3. Get cash up front. It’s completely reasonable to request a 10 percent to 30 percent deposit. TMT Home Remodelers’ projects range from $20,000 bathroom remodels to $150,000 room additions, and for each one, Davis requires 10 percent down to get started. “It lets you know the client is serious about the work, and it seeds any pre-ordering or purchasing you need to get started,” he says. Small contractors often feel uncomfortable asking for money before providing services, but they need to get over that, Stanley says. “It’s part of operating a business.”
4. Include a payment timeline in the contract. To eliminate confusion later on, set expectations up front about when you will be paid and what you will deliver for each payment. Use your initial conversation with a prospective client as a negotiating point. For example, offer a discount if they’ll pay in full up front. “This keeps your cash flow positive and lowers your risk, while adding value for the customer,” Stevens says.
5. Time payments to contract milestones. Davis ties progress payments to the beginning of each phase of construction. Those payments cover the actual cost of the work, not just a percentage of the total project. “If drywall costs $5,450, then that’s what they pay,” he says. By timing payments to project phases he always has capital to fund that portion of the job, and eliminates payment delays when the work is done. “There is never any doubt when a phase begins,” he says, “but there can be all kinds of ways to argue when it’s complete.”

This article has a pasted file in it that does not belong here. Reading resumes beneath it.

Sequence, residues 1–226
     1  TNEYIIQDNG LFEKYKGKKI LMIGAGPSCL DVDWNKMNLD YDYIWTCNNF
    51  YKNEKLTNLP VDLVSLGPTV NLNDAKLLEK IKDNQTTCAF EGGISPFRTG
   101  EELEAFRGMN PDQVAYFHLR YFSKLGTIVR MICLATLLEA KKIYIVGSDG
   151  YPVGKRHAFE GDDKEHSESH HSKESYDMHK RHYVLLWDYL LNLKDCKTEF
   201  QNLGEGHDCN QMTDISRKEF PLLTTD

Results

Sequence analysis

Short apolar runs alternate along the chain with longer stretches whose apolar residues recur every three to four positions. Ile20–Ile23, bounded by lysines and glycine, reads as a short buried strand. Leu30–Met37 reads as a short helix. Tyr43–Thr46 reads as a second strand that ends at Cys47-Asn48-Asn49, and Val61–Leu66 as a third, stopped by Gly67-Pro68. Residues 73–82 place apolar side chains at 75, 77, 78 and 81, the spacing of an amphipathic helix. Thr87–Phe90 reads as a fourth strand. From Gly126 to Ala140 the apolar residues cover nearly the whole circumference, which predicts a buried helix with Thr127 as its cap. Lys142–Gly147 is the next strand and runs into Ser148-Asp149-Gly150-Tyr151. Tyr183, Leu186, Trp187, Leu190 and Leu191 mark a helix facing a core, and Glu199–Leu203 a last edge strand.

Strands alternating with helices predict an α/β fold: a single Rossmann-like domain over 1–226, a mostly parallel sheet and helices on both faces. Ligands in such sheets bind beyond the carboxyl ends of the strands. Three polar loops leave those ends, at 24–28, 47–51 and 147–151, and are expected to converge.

6. Collect payments in person. Send email reminders a few days before an installment is due, and pick up a check from the customer before starting the next phase of construction. You could perform thousands of dollars of work before a check comes in the mail, Stanley says, and if the client doesn’t pay, you’re out the cash for that effort.
7. Ask subcontractors to submit invoices. Requesting invoices from subcontractors creates a paper trail, and gives you time to turn around your own payments, Stanley says. He generally pays subcontractors within a week of getting their invoices. “It’s part of an efficient bookkeeping process,” he says.
8. Use direct deposits, controlled disbursements or other payment options. Financial institutions offer dozens of tools, including corporate purchasing cards, online payments and automated cash management options that business owners can use to smooth the gaps between payments and receivables. “These tools can help you control when checks hit, and avoid a cash flow crunch,” Stevens says.
9. Make the final payment your profit on the job. By limiting the last payment to your profit, you ensure you have enough cash to pay contractors and vendors, even if the project drags on as you finish small details. “If the customer delays that final payment, you’re still covered,” Davis says.
10. Don’t lowball your way to success. Being the lowest bidder may win you a job, but if the total isn’t enough to cover your expenses you’re paying for the privilege of doing the work. Says Davis: “If you don’t include the cost of overhead in your bids, it’s just a matter of time before you go broke.”